“Whole club MOI” is the physical measure of heft, the quantity that resists turning the club from cocked to released. It is a basic physical quantity that governs a golf club’s behavior.
MOI is defined by the mass and the axis the mass is rotating around. Quantitatively, the moment of inertia of each grain of mass is its mass times the square of the distance to the axis.
Any component of the club has its Moment of Inertia. The bigger MOI causes the more torque it will take to produce a certain amount of rotational acceleration. At impact the whole club rotates around the hands somewhere near the wrist hinge, so it is assumed that the club during a swing rotates around the butt.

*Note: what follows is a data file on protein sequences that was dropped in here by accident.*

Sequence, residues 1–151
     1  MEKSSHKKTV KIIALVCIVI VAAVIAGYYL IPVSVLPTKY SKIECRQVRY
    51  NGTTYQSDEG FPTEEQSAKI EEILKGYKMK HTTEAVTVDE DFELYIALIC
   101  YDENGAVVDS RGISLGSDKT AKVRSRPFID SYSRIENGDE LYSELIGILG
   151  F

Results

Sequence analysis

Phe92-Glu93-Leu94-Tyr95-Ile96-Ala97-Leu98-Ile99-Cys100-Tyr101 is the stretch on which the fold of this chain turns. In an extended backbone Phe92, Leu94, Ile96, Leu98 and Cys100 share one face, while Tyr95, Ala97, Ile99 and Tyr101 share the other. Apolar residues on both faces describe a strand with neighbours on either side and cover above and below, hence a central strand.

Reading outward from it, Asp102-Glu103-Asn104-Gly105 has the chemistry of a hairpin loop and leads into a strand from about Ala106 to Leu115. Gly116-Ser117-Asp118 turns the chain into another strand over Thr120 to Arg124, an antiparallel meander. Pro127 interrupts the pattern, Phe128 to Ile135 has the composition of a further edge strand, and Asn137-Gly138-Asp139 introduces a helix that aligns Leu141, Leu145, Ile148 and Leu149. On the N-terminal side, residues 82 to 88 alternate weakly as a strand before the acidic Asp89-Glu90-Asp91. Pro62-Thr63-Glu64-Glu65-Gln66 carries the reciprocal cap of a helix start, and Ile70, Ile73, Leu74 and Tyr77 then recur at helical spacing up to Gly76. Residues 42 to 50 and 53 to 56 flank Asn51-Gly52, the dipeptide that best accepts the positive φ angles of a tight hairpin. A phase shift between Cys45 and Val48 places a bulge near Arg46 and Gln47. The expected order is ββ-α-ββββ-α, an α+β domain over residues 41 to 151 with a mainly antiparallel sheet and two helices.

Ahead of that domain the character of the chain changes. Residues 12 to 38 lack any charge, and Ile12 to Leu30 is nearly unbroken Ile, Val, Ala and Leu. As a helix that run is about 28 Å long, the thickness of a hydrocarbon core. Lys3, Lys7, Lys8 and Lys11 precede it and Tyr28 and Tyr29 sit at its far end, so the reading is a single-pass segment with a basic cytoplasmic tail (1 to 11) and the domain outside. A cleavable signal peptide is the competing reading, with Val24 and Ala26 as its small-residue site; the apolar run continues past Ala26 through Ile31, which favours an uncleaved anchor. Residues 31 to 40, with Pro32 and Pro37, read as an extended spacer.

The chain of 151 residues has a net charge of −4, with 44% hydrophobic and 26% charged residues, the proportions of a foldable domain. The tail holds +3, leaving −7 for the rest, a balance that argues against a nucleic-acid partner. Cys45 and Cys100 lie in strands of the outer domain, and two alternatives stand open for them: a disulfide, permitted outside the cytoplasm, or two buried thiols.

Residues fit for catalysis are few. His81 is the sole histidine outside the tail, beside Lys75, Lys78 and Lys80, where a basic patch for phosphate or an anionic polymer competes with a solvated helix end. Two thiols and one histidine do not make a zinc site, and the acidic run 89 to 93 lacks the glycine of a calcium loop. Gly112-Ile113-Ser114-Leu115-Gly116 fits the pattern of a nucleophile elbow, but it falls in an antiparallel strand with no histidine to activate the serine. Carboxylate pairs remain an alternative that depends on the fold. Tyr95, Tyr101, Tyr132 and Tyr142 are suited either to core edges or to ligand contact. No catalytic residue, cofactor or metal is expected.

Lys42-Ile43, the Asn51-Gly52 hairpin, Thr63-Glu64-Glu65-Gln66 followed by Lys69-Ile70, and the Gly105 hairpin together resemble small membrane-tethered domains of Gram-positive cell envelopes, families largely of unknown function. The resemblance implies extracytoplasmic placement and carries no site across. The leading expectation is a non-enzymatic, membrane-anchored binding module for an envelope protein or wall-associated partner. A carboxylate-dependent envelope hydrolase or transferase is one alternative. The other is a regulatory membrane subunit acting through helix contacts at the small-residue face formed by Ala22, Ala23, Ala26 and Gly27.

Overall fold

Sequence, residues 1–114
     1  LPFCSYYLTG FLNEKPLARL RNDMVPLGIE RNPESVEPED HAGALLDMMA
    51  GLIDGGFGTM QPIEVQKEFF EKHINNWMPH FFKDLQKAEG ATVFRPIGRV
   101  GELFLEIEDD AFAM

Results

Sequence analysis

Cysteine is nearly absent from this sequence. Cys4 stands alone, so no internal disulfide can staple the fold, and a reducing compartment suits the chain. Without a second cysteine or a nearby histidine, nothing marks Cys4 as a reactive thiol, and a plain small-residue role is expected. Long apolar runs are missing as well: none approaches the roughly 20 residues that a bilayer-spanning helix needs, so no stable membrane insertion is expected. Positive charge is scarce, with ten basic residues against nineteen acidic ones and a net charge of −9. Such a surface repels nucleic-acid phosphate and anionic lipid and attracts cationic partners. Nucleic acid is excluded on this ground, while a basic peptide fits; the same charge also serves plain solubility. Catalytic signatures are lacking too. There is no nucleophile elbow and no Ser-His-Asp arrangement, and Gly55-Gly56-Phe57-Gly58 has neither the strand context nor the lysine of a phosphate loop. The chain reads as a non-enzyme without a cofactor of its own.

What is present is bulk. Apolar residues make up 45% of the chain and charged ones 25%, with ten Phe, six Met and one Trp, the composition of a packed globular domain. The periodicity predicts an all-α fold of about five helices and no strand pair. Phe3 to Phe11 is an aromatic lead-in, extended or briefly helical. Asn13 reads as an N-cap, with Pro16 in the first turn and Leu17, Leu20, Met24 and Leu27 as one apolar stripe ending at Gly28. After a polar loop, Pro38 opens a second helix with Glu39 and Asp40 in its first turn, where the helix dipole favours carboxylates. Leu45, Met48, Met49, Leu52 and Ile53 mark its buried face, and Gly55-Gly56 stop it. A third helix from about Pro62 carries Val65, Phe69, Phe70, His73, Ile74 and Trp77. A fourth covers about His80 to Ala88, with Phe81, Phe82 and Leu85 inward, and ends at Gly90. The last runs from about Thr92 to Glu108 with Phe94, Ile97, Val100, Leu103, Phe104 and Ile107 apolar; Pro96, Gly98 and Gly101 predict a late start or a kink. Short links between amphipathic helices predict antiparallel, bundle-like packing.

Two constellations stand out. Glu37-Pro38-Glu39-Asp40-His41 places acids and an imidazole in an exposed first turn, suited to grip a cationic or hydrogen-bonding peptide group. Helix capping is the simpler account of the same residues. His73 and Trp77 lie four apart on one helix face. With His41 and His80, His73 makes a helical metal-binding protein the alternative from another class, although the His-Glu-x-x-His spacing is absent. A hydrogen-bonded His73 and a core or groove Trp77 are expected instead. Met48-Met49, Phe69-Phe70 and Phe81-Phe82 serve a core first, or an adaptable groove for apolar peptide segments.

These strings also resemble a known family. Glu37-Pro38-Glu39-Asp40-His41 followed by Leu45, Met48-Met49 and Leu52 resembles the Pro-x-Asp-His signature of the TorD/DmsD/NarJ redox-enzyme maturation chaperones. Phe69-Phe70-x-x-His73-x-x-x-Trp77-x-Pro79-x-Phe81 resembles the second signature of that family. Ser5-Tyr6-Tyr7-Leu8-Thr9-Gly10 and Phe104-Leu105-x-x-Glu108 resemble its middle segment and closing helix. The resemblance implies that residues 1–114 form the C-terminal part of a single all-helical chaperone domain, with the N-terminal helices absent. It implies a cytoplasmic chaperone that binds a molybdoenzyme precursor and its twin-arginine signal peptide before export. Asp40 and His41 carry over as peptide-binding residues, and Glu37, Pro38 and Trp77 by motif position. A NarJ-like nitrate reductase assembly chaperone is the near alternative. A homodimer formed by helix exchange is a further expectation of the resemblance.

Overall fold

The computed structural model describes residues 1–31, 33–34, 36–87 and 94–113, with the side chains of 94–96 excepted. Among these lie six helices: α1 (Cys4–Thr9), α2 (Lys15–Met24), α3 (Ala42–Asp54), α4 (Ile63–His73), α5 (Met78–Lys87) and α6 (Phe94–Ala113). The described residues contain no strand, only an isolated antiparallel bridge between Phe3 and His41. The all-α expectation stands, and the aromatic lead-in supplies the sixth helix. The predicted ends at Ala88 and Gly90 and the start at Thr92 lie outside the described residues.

The longer the club, the heavier the weight of the components (head, shaft, etc.), the higher the “Whole club MOI” will be. Conversely, the shorter the club, the lighter the components, then the lower the MOI will be.
Moment of Inertia is expressed in units of mass-times-length-squared. Clubmakers use kg-inches-squared or kg-cm-squared.
update: November 2017